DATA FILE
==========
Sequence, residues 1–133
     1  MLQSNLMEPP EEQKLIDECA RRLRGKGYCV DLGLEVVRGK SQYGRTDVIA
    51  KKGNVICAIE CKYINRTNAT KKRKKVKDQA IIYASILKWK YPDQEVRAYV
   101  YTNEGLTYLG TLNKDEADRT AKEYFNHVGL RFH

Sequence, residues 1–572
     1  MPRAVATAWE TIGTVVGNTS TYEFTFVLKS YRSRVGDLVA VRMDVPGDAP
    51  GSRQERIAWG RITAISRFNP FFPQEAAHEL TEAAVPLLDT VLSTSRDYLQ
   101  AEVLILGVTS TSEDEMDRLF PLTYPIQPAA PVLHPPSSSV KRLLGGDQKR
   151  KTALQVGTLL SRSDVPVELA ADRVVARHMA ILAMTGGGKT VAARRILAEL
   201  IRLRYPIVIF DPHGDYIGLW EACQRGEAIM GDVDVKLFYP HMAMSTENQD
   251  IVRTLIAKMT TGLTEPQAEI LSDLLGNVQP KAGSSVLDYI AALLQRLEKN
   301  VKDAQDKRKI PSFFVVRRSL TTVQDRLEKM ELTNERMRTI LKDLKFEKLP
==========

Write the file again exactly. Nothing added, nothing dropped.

Sequence, residues 1–133
     1  MLQSNLMEPP EEQKLIDECA RRLRGKGYCV DLGLEVVRGK SQYGRTDVIA
    51  KKGNVICAIE CKYINRTNAT KKRKKVKDQA IIYASILKWK YPDQEVRAYV
   101  YTNEGLTYLG TLNKDEADRT AKEYFNHVGL RFH

Sequence, residues 1–572
     1  MPRAVATAWE TIGTVVGNTS TYEFTFVLKS YRSRVGDLVA VRMDVPGDAP
    51  GSRQERIAWG RITAISRFNP FFPQEAAHEL TEAAVPLLDT VLSTSRDYLQ
   101  AEVLILGVTS TSEDEMDRLF PLTYPIQPAA PVLHPPSSSV KRLLGGDQKR
   151  KTALQVGTLL SRSDVPVELA ADRVVARHMA ILAMTGGGKT VAARRILAEL
   201  IRLRYPIVIF DPHGDYIGLW EACQRGEAIM GDVDVKLFYP HMAMSTENQD
   251  IVRTLIAKMT TGLTEPQAEI LSDLLGNVQP KAGSSVLDYI AALLQRLEKN
   301  VKDAQDKRKI PSFFVVRRSL TTVQDRLEKM ELTNERMRTI LKDLKFEKLP